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SVB Failure Becomes Fodder for Anti-ESG Crowd in U.S. Culture Wars

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The failure of Silicon Valley Bank has become the latest target for conservative politicians and news outlets in their mounting campaign against ESG.

The acronym refers to a form of investing that considers environmental, social and governance risk factors. But in the US, many Republicans have also adopted “ESG” as shorthand for a left-leaning agenda that’s un-American.

The New York Post, a city tabloid owned by Rupert Murdoch’s News Corp., published a story on Saturday with the headline, “While Silicon Valley Bank collapsed, top executive pushed ‘woke’ programs,” which pointed out that the head of financial risk management at SVB’s UK subsidiary was also an executive sponsor of the bank’s affinity group for LGBTQ employees. A day later, sister newspaper The Wall Street Journal ran an editorial noting that SVB’s board of directors included a Black person, an LGBTQ person and two military veterans, and suggested that the company “may have been distracted by diversity demands.”

Politicians have also started to pile on. Florida governor and Republican Presidential candidate Ron DeSantis, who has made anti-ESG policies a signature part of his platform, said on Fox News Sunday morning that SVB was “so concerned with DEI and politics and all kinds of stuff. I think that really diverted them from focusing on their core mission.” Later on the network, Representative James Comer, chairman of the House Oversight Committee, called SVB “one of the most woke banks in their quest for the ESG-type policy and investment.”

ESG, which was hardly known outside the finance industry just a few years ago, has now morphed into a political flashpoint, with Republican officials attacking asset managers and companies for a wide swath of environmental and social policies. State legislatures have barred state pensions from taking into account climate or social risks in their investment decisions. Led by Republican lawmakers, the US Congress voted to prohibit retirement plans from considering ESG factors.

“This focus on ESG is completely preposterous,” said Vinnie Lauria, a founding partner of Golden Gate Ventures, a Singapore-based firm started by Silicon Valley entrepreneurs. “People are leaning into it because it’s something that gets a voter base kind of excited.”

SVB, one of the 20 biggest US banks by assets, was seized by regulators on March 10, after its clients began withdrawing money en masse. The reasons for the bank run were both technical, in that SVB failed to manage its exposure to rising interest rates, and not, in that customers’ panic made it worse.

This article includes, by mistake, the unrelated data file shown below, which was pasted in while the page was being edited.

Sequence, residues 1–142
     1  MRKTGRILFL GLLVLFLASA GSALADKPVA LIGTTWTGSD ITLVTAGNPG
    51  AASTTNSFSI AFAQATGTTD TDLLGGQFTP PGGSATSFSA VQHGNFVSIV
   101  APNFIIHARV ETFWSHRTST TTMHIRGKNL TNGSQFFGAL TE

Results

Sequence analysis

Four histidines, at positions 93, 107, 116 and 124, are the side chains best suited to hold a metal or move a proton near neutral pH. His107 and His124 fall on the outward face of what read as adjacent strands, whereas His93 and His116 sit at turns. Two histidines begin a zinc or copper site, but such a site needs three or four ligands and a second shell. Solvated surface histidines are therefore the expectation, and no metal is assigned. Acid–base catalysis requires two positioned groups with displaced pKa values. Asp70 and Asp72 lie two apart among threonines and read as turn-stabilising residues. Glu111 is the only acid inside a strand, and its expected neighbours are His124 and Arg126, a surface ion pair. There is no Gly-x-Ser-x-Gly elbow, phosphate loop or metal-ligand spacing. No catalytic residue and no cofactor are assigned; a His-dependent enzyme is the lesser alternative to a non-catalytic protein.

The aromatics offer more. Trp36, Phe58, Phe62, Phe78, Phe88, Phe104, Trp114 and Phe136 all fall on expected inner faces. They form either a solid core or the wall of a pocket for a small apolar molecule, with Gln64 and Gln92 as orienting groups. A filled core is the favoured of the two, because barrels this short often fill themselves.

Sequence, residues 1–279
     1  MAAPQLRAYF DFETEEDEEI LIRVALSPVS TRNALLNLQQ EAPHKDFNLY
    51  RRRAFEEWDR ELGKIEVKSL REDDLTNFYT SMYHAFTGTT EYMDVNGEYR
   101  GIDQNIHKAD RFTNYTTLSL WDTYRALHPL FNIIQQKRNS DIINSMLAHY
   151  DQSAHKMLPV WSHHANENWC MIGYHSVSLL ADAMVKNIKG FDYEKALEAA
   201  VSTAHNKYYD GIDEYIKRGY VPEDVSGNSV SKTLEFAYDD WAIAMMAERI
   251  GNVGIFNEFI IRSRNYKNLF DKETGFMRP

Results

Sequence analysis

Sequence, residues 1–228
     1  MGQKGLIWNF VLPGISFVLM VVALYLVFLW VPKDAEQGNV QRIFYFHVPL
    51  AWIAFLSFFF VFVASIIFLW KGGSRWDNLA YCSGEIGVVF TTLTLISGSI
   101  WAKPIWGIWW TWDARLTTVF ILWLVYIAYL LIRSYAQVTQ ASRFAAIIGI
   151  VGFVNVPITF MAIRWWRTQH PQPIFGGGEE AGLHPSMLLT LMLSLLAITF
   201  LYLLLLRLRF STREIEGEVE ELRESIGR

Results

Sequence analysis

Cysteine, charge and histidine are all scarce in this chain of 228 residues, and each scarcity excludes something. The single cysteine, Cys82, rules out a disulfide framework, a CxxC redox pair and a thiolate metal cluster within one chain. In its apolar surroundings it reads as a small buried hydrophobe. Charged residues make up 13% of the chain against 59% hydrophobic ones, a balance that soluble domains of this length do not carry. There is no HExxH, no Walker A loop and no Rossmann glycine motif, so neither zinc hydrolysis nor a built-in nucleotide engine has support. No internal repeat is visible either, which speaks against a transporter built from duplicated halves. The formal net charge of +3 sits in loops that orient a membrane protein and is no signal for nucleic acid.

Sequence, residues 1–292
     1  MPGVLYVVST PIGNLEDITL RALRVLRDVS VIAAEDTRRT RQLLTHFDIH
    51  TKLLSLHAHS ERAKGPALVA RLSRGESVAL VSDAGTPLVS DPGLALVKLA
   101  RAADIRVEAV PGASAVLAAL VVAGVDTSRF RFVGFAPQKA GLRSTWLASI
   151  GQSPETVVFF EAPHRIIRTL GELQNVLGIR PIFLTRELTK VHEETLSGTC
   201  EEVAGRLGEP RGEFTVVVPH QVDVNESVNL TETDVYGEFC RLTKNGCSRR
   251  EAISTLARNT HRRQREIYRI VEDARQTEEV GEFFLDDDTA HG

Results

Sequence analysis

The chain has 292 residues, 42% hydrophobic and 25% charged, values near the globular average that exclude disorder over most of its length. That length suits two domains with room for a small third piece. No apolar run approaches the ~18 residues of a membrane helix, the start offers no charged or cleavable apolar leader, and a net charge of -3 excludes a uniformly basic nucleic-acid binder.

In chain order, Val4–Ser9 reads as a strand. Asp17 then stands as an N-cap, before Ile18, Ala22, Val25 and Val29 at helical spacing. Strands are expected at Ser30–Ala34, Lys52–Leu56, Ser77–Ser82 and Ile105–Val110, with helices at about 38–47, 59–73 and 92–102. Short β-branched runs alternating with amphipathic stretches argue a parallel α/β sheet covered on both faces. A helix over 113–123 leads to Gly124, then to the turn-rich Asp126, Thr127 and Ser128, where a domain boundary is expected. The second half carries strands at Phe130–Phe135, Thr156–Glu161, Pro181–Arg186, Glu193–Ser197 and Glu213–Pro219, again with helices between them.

“Blaming ESG and ‘woke’ policies for the fall of SVB is absurd,” said Michael Sheren, a former Senior Advisor at the Bank of England, now a fellow at the Cambridge Institute for Sustainability Leadership. “SVB failed due to poor bank treasury choices and a concentrated and lumpy tech deposit base that was highly sensitive to rate moves in the market.”

It’s not clear yet why SVB missed the warning signs, but there’s no evidence to suggest that the demographics of its board was a weakness, or even especially unique. In fact, there’s plenty of data to show that boards with people from different backgrounds may improve profitability relative to homogeneous groups, and post better shareholder returns. It’s also true that all-male, all-White corporate boards are now almost non-existent among the biggest US companies.

Diversity, equity and inclusion programs are also increasingly the norm. According to a study by Harvard Business Review Analytic Services, Trusaic and human resources organization SHRM, two-thirds of companies surveyed said DEI is a high strategic priority. That’s good business, particularly among SVB’s clientele: In a 2017 paper, Harvard Business School professor Paul Gompers and co-author Sophie Q. Wong found that having at least one woman in a VC fund improved performance by approximately 10% and increased the percentage of successful startups supported by those funds.

—With assistance from Alastair Marsh and Yoolim Lee.

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